Conscience and the Dignity of the Human Person

davinci_person.jpgIntroduction
Almost everyone agrees that we ought to respect persons. They think we ought to do so because persons are not “things” that can be disposed of at will. They regard them as beings of moral worth, with a dignity that ought to be respected by others and endowed with rights that ought to be recognized and protected by civil authority. Surely almost all Americans make their own the “self-evidence of the truth” affirmed in the Declaration of Independence that “[all men] are endowed by their Creator with certain unalienable rights, that among these rights are Life, Liberty, and the pursuit of Happiness.”

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Father Ford, Paul VI and Birth Control: Germain Grisez Offers New Light on the Papal Commission

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WASHINGTON, D.C., MAY 11, 2011 (Zenit.org).- Anyone interested in the rise of the phenomenon of public dissent by Catholics from the Church’s moral teaching in the last 40 years is familiar with the controversy generated by the publication of the papal encyclical "Humanae Vitae" issued by Pope Paul VI on July 25, 1968.

That publication was preceded by five years of careful review on the part of the Pope on all sorts of questions related to the regulation of birth. Part of that review was entrusted to a study group made up of ecclesiastics and experts, popularly referred to as the "Papal birth control commission."

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Hard Cases for Defenders of Abortion

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There are several “hard cases” that advocates of abortion find difficult to justify. In the recent, The Ethics of Abortion: Women’s Rights, Human Life, and the Question of Justice (New York/London: Routledge Taylor & Francis Group, Routledge Annals of Bioethics, 2011), author Christopher Kaczor identifies these contradictions of reason as 8 “hard cases.”  The first two cases he treats, 1. murder of pregnant women, and 2. sex selection abortion, I will consider for this essay and elaborate with material of my own.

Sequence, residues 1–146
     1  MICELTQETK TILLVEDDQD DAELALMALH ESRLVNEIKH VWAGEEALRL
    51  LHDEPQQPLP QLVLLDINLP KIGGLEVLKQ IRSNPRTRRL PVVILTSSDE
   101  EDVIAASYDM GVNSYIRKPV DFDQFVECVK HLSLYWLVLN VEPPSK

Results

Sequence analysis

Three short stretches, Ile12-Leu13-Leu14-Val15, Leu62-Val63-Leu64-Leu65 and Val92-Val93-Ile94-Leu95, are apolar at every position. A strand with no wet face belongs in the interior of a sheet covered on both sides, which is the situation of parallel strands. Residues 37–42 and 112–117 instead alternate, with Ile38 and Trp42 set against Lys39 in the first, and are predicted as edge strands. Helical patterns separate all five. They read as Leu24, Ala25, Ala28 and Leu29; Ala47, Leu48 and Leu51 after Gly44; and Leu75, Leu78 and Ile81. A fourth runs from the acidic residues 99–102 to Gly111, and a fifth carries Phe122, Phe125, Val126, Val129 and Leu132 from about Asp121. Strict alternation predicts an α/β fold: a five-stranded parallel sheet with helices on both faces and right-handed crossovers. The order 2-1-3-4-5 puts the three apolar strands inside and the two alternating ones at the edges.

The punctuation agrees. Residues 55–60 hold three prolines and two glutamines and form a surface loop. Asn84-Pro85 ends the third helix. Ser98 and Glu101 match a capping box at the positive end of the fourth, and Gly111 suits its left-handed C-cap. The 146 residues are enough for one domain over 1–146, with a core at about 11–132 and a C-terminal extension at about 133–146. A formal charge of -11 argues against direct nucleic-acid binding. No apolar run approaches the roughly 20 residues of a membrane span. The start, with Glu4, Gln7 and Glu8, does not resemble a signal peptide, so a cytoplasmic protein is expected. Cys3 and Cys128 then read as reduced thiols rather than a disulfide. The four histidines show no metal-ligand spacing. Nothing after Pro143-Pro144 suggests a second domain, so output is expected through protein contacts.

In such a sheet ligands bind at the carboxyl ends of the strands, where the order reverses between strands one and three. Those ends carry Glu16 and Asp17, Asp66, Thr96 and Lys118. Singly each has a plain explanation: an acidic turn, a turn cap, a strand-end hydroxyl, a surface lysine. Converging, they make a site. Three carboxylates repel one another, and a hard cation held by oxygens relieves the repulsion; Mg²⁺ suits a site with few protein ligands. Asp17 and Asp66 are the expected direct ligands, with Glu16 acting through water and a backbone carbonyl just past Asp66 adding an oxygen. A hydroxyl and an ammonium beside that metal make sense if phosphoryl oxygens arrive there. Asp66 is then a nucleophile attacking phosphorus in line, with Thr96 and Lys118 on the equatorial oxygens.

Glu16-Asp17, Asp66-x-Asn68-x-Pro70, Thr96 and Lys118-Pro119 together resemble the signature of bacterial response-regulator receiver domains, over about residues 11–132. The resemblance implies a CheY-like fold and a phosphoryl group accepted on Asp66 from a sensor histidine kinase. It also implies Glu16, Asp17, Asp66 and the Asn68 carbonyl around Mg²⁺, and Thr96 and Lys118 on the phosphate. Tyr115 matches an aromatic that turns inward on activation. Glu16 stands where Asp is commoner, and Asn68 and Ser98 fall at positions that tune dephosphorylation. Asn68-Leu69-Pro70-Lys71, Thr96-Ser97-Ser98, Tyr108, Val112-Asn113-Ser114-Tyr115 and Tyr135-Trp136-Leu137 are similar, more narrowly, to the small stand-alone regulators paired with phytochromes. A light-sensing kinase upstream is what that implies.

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Surgery in the Womb for Babies with Spina Bifida

william_e_may.jpgSurgery of this kind in the 1980’s
Spina bifida is a developmental congenital disorder caused by the incomplete closing of the embryo’s neural tube. Some verterbrae overlying the spinal cord are not fully formed and remain unfused and open. This can cause long term mental and physical crippling to the child and at times death in the womb due to the build up of fluid and swelling in the brain.

In the 1980s it was possible, using prenatal screening, to detect neural tube anomalies such as spina bifida and then to perform a therapeutic action on the developing unborn child in the womb.  The most common procedure to treat this anomaly was to insert a shunt  into the child’s brain to drain the fluid thus releasing the pressure and providing great benefit to the child’s neurological and physical development.  In fact, at a hearing at the US Senate sometime in the mid 1980’s, sponsored by then pro-life Senator Gordon Humphrey a couple and their physician, with the child—at the time a born baby girl resting on her mother’s  lap—gave testimony in which they described the wonderful surgery that had been done on the child while still in the womb after a prenatal diagnosis had shown that she had suffered from a neural tube defect and that fluids were building up in her cranium, exerting pressure on her brain. This timely intervention was successful in minimizing the harm this girl suffered after birth, and the surgical intervention posed no serious risks either to the child or her mother. The child still needed to have a shunt to remove fluids from her brain after birth, but she did not suffer debilitating mental deficiencies and other symptoms associated with spina bifida.

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